Mr. John Hayes (South Holland and The Deepings) (Con): May I amplify the call that my right hon. Friend the Member for North-West Hampshire (Sir George Young) made for a debate on the plight of older people? It is necessary in view of the long-term care issues that Wanless highlights and which the Prime Minister first promised to deal with in 1997 at the Labour party conference. There is also the issue of old people who find it increasingly hard to access public services, who cannot get an adapted home because the Government have cut the number of social houses being built, and who will not be getting the £200 that they were given last year before the election when the Government exercised largesse, which has curiously metamorphosed into heartless parsimony.

Mr. Hoon: I simply do not recognise what the hon. Gentleman is describing. He talks about support in the home. Forty per cent. more people are today supported to live in their own home than in 1997–98. I do not know what is his experience with his constituents, but my experience is that most people appreciate that support. They believe that they are best in their own home surrounded by friends and family and familiar circumstances. That is what the overwhelming majority of my constituents say that they want and why the Government have responded. I simply do not recognise the description that he gives.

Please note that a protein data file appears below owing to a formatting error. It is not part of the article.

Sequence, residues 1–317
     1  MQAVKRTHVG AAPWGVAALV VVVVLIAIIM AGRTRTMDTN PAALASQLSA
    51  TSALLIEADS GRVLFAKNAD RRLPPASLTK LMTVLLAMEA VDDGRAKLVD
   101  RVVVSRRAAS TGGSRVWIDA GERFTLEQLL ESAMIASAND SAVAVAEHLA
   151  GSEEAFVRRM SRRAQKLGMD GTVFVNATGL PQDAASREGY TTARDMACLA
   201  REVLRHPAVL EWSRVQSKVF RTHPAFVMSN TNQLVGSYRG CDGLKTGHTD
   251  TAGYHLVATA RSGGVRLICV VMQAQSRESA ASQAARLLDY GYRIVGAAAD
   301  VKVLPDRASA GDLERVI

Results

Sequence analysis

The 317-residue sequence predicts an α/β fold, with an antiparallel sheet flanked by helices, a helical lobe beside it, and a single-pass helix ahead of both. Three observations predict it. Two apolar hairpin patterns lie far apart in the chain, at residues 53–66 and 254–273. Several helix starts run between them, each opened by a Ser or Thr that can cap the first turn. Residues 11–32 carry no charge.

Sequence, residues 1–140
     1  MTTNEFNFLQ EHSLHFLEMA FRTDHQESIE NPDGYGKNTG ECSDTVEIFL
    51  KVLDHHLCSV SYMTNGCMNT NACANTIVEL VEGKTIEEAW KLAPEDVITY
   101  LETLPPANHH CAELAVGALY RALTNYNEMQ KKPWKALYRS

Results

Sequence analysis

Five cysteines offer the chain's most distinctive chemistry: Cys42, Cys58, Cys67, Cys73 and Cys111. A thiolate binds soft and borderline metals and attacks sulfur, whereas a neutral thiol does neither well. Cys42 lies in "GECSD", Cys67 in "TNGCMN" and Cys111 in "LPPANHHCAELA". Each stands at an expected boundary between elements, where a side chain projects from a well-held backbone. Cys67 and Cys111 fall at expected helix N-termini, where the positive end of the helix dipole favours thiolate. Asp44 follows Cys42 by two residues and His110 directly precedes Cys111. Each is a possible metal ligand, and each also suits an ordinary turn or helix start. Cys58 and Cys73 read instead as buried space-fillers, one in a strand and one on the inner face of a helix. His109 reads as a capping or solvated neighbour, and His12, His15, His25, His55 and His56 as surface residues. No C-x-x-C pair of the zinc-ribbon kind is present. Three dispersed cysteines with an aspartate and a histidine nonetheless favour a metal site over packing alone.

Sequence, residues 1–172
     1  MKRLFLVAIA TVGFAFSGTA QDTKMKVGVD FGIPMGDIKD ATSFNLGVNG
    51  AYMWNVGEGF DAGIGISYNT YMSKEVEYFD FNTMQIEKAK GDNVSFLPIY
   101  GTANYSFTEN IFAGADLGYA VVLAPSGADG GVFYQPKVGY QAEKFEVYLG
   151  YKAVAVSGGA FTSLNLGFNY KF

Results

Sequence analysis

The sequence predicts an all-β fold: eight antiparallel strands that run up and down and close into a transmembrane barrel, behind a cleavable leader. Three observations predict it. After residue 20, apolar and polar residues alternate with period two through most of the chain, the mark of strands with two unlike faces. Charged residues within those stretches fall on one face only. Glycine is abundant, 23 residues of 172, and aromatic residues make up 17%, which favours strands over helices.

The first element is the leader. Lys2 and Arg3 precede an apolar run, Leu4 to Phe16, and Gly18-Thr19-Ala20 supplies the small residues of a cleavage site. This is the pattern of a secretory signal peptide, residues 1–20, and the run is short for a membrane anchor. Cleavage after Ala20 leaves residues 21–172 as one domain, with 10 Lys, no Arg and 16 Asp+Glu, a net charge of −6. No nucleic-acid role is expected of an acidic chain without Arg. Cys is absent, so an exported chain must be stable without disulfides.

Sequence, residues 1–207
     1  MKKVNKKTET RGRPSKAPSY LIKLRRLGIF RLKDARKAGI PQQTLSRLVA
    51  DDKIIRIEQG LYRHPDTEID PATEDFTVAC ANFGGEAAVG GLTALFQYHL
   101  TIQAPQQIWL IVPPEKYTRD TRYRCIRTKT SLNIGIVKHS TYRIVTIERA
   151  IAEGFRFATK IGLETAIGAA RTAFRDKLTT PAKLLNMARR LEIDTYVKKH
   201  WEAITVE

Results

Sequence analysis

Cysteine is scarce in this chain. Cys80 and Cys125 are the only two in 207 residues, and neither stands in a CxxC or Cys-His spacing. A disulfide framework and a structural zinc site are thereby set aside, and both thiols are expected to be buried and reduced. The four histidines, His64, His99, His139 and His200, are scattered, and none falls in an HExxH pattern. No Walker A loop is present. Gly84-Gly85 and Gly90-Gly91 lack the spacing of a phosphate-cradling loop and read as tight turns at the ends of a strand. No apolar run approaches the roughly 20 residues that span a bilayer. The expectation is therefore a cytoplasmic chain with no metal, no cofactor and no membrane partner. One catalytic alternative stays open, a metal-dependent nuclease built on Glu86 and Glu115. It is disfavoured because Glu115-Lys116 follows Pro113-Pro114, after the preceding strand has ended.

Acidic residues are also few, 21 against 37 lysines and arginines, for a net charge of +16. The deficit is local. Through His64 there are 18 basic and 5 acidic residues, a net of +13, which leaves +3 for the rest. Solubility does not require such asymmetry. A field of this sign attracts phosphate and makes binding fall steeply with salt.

Mr. David Chaytor (Bury, North) (Lab): Now that the tectonic plates appear to be shifting in respect of the
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Government's attitude to House of Lords reform and in view of the heightened public awareness of the composition of the House of Lords and related issues, does my right hon. Friend remember that the last time this House was given an opportunity to vote on Lords reform we could not reach agreement on any of the seven options? Does that not provide a powerful argument for an early debate on the subject in this House before the Joint Committee is established to do its work so that we avoid the risk of once again not being able to agree on any of the options that the Committee may bring forward.